Fitted with the optional S Tronic seven-speed dual-clutch automatic (a six-speed manual is standard) the car can return fuel economy of 58.9mpg and emissions of 109g/km for £20 annual road tax. Choose the manual and road tax rises to £30 a year.

With automatic emergency braking now coming as standard and the car being constructed from super-strong hot-formed steels, you can expect the new A4 to be even safer than the current car, which was awarded five stars by Euro NCAP. Other standard safety features will include multiple airbags, stability and traction control, while active cruise control and lane assist will be on the options list.

As just production-ready prototypes of the new A4 have been driven, exact specifications have yet to be confirmed, but we know all models come with a seven-inch infotainment display and automatic emergency braking. The line-up will follow the same naming strategy as seen across most of the rest of the range with basic SE and sporty S line time levels.

Audi A4 Avant Quattro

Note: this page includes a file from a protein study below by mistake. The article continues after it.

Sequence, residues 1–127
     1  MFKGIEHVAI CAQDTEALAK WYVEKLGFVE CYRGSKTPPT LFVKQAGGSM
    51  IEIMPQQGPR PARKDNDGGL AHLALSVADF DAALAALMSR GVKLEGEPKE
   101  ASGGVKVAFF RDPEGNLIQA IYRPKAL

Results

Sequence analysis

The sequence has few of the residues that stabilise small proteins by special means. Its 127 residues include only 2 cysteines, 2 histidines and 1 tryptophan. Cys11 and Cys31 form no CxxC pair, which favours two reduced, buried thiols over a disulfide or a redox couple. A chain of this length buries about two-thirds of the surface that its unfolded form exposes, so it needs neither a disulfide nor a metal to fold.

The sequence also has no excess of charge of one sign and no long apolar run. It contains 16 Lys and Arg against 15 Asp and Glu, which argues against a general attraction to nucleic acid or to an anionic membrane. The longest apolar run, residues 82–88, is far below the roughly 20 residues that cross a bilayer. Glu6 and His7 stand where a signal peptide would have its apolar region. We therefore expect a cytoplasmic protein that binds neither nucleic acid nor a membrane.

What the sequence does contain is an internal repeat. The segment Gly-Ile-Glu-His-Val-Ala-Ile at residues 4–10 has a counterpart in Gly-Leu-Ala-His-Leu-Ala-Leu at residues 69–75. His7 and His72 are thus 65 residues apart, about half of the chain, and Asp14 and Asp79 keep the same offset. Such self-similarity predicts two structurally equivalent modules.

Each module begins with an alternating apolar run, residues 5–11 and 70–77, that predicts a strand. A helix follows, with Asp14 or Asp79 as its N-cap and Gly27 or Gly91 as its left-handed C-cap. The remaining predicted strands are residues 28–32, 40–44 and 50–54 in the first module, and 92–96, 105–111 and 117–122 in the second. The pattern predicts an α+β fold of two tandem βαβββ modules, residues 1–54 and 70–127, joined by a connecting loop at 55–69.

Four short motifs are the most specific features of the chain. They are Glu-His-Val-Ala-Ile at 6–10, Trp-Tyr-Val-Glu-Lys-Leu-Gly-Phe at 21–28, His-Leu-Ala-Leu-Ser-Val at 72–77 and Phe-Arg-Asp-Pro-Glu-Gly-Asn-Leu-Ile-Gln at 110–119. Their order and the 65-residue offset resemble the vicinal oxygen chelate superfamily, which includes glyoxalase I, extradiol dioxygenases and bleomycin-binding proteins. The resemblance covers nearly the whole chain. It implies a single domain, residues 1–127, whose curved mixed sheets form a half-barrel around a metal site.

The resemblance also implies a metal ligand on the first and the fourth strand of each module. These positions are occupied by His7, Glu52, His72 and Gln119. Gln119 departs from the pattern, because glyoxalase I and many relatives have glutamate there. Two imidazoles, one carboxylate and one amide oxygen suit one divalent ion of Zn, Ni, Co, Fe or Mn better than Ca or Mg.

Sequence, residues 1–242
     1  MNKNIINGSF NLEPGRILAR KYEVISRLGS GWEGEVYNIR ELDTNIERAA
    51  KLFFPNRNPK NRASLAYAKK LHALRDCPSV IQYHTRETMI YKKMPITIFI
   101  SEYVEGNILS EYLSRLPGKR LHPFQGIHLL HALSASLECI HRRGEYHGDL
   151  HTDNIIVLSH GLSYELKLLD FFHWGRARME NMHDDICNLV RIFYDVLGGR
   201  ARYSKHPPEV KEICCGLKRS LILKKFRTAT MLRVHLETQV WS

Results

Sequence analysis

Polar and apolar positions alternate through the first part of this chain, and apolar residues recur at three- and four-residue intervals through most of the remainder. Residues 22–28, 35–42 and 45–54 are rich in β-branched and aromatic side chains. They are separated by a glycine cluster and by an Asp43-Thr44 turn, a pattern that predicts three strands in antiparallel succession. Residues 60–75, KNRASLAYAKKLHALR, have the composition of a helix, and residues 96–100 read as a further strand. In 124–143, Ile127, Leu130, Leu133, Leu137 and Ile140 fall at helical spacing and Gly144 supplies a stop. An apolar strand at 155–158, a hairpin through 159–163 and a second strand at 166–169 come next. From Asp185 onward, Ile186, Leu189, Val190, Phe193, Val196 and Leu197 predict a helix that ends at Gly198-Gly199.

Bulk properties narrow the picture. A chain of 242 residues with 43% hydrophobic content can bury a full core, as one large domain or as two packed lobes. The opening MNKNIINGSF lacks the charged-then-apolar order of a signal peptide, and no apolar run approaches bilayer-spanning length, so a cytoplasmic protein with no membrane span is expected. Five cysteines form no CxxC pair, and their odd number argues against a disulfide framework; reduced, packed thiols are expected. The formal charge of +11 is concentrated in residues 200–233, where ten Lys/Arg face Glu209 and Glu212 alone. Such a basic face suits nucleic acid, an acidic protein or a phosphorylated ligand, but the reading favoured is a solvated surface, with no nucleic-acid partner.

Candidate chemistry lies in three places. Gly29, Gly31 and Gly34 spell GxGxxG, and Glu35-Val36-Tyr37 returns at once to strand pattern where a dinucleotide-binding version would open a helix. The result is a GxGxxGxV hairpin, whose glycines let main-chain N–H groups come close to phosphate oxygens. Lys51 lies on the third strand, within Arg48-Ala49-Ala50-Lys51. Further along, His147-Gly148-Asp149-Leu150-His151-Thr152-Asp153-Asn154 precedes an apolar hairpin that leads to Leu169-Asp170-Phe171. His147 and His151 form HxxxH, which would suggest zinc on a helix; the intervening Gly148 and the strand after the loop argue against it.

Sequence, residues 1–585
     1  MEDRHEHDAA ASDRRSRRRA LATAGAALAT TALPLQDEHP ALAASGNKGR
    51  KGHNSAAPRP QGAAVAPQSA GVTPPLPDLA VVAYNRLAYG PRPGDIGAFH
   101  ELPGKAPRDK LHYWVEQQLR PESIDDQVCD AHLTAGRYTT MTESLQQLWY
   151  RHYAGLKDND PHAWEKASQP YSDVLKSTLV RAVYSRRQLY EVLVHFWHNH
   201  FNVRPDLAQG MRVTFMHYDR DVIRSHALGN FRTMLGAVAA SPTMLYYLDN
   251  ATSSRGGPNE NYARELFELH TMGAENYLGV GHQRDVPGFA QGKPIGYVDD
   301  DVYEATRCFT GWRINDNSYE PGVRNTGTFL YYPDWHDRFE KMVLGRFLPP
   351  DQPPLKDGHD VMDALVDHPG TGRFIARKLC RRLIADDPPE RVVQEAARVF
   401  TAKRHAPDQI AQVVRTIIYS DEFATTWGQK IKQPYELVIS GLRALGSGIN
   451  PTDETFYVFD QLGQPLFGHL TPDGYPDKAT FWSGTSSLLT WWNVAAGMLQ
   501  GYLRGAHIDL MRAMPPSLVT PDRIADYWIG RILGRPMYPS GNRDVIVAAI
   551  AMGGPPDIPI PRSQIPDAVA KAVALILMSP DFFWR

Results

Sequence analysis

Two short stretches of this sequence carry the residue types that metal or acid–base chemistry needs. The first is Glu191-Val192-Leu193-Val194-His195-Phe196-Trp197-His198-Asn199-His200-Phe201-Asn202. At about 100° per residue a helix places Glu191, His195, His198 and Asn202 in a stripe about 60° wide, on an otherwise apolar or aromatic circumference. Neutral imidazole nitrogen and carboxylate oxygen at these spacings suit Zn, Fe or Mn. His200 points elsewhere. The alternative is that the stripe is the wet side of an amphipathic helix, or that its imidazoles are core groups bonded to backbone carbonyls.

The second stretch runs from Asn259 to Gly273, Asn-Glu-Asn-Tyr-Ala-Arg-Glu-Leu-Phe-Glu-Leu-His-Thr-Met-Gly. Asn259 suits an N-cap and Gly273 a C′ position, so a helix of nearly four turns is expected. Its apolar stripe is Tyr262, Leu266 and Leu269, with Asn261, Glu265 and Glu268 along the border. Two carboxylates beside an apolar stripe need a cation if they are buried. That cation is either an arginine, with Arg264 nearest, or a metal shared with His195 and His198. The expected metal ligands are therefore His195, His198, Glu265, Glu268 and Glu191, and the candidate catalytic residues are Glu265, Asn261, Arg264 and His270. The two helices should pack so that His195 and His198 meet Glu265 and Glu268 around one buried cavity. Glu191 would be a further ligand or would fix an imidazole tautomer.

Audi’s quattro four-wheel drive has proved a popular option in the UK and will be a cost option on most of the range bar top end models such as the new S4 and RS4, they’re tipped to go into production soon after the standard car.


Instead of heralding a radical change, the new Audi A4 looks to improve on the weak points of the old car. It looks more modern, is has extra space and feels even nicer inside. The comfort of the suspension – something often complained about – has been vastly improved and, while the BMW 3 Series is still the car to choose if you enjoy driving, the new A4 runs it closer and is very to drive quickly. We’ll have a definitive verdict when the first right-hand-drive cars are driven on UK roads, but for now the new Audi A4 looks to be everything it needs to be.